Communities around the globe united over the weekend to spread awareness for World AIDS Day, which was held on Saturday, December 1st. In 1988, the U.N. General Assembly expressed deep concern over the pandemic proportions of the AIDS virus. Following the World Health Organization (WHO) declaration of 1 December 1988 as World AIDS Day, the General Assembly drafted resolution 43/15.
According to the 2012 World AIDS Day Report, entitled “Results 2012”, the fight against HIV/AIDS is accelerating. The report states that “there were more than 700 000 fewer new HIV infections globally in 2011 than in 2001. Africa has cut AIDS-related deaths by one third in the past six years”. The report also highlights a global decrease in infection rates for young people across the globe.
Last year the United Nations launched the “Getting to Zero” campaign was launched, which runs until 2015 and focuses on achieving the goal of “Zero AIDS Related Deaths.” The campaign highlights the progress in gaining greater access to treatment for all and a call for governments to act now. A demand they honor promises like the Abuja declaration and that African Governments at very least hit agreed targets for domestic spending on health and HIV in support of the human right to the best attainable level of health care for all. It’s a global campaign that spotlights how our fundamental right to health is intrinsically and inextricably linked to other basic rights.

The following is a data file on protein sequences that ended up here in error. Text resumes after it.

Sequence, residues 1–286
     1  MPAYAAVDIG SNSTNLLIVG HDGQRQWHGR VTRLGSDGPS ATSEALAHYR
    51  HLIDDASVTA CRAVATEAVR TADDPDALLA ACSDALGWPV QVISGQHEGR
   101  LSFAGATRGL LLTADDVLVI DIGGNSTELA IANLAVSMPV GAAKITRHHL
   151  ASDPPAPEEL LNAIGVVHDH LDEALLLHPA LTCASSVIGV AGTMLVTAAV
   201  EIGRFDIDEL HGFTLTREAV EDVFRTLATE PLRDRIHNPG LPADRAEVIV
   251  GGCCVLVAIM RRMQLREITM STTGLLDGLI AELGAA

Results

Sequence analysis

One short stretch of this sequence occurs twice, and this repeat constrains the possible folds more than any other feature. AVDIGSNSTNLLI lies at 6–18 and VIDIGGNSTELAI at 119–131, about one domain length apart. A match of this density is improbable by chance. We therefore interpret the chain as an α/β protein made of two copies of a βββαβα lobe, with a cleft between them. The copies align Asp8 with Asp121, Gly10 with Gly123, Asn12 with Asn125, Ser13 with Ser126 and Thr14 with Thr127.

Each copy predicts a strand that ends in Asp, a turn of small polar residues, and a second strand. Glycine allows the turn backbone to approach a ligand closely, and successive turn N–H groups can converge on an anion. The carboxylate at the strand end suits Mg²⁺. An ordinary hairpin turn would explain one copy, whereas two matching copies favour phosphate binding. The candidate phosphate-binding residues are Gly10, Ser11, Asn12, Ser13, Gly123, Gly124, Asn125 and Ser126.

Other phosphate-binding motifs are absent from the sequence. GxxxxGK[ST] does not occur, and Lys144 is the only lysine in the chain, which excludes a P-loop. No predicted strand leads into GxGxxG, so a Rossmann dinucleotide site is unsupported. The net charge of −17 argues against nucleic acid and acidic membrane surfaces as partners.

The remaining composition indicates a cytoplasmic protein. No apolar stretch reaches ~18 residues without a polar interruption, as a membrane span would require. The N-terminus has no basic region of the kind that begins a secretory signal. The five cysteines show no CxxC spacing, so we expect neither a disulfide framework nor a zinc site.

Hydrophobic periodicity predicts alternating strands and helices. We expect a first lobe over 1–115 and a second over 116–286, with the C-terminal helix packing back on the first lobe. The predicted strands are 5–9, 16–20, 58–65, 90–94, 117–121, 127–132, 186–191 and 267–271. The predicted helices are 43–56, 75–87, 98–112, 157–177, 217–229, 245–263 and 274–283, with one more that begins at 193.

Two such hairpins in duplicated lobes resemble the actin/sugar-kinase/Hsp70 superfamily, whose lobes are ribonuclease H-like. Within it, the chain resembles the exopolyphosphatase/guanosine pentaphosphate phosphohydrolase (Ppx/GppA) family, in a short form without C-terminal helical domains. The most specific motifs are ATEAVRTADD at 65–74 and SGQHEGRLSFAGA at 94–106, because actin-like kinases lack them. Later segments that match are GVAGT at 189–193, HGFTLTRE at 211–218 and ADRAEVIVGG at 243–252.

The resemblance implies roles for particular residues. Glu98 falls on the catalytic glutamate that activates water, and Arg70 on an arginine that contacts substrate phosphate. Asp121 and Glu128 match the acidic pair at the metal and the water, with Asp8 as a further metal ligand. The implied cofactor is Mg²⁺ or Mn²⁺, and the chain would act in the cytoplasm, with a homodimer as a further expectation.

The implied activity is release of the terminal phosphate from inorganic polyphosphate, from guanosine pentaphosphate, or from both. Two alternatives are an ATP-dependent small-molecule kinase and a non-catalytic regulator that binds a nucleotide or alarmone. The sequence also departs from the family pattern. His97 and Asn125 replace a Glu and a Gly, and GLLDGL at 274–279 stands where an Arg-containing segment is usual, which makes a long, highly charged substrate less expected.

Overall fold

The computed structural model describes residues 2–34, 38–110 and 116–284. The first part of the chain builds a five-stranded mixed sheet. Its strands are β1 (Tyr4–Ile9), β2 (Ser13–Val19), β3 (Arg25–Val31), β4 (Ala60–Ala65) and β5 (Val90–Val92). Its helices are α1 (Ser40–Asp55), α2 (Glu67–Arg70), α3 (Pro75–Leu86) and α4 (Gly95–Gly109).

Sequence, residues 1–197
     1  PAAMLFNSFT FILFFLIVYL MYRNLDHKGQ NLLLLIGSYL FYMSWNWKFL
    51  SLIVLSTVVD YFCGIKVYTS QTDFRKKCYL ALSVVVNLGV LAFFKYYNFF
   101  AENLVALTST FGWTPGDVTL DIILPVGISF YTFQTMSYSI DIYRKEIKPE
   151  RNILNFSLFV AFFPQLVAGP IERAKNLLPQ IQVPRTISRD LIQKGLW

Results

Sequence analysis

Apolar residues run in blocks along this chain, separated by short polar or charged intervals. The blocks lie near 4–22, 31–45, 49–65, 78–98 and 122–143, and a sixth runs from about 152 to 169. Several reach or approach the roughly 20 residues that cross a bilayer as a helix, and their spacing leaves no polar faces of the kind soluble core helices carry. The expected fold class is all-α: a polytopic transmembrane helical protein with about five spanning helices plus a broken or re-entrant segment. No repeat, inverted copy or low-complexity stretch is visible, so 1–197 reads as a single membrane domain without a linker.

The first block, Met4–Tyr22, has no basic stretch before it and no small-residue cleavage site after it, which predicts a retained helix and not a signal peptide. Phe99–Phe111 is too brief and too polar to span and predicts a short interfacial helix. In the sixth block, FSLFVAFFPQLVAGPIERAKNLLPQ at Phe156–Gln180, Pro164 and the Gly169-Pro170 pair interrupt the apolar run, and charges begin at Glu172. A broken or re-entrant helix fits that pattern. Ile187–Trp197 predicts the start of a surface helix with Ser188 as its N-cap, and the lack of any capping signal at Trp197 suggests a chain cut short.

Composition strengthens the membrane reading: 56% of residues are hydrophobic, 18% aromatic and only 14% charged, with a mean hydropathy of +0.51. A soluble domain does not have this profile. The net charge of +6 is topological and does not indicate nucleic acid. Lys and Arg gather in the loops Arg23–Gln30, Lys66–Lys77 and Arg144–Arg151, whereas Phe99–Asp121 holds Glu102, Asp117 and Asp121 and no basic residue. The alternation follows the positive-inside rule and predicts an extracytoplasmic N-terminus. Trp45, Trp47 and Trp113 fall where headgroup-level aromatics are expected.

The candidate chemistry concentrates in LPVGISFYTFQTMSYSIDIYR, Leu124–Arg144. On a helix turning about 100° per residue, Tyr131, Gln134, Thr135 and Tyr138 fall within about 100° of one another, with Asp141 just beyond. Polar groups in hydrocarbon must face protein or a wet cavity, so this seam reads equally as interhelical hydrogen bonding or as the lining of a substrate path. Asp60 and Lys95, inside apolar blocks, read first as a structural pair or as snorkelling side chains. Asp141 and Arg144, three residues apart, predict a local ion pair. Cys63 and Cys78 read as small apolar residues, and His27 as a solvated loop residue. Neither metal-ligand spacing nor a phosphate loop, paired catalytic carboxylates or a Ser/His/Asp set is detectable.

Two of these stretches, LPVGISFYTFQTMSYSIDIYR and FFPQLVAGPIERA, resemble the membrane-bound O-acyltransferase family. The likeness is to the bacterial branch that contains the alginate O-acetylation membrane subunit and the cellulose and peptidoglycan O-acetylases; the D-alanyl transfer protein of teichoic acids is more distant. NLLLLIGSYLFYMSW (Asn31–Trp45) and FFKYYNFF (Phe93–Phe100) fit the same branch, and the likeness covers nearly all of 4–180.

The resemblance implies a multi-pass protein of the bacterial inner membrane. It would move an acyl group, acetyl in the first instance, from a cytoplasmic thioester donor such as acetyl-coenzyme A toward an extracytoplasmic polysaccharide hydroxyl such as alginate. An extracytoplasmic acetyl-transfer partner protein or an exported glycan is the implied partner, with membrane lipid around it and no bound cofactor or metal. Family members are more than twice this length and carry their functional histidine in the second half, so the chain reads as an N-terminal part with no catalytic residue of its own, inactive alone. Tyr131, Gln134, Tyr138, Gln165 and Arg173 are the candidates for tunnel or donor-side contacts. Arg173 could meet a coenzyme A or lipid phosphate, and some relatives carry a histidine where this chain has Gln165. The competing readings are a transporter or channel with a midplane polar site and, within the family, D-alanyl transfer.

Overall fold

10 goals for 2015
*Goals list courtesy UNAIDS
While the goals set remain clear, what is not apparent is the sustainable political will to achieve these global goals. Unfortunately, children suffer disproportionately from HIV/AIDS as they are not only unwittingly infected, and they are also losing their parents in varying numbers in many parts of the developing world. However, while we are still coming up short, we are seeing progress as the number of new HIV infections in children dropped by 43% from 2003 to 2011 in the last two years alone the rates declined by 24%. The largest decline in HIV infections — two-thirds between 2009 and 2011 — was among newborns. This huge leap has been largely accelerated thanks to the increase in providing women living with HIV access to services. This decline is largely in thanks to the increased implementation of the Global Plan towards the elimination of new HIV infections among children by 2015. Women who are HIV positive and receive antiretroviral drugs during pregnancy, delivery and breastfeeding reduce the risk of HIV transmission to less than 5%.
Can we keep these promises in 2015? As we head into the final stretch of achieving the Millennium Development Goals and the United Nations Political Declaration on HIV/AIDS, much remains to be done to reach our targets. One such target being the goal to end HIV infection to children to zero — a goal that weighs on the minds of many. Additionally, 7 million people in need of treatment for HIV/AIDS remain without access to care. While we may not be currently winning the battle against HIV/AIDS, hope does shine on the horizon; however, it will take political will and funding to be truly committed and put into place with great speed and fever to see “zero” in the next three years.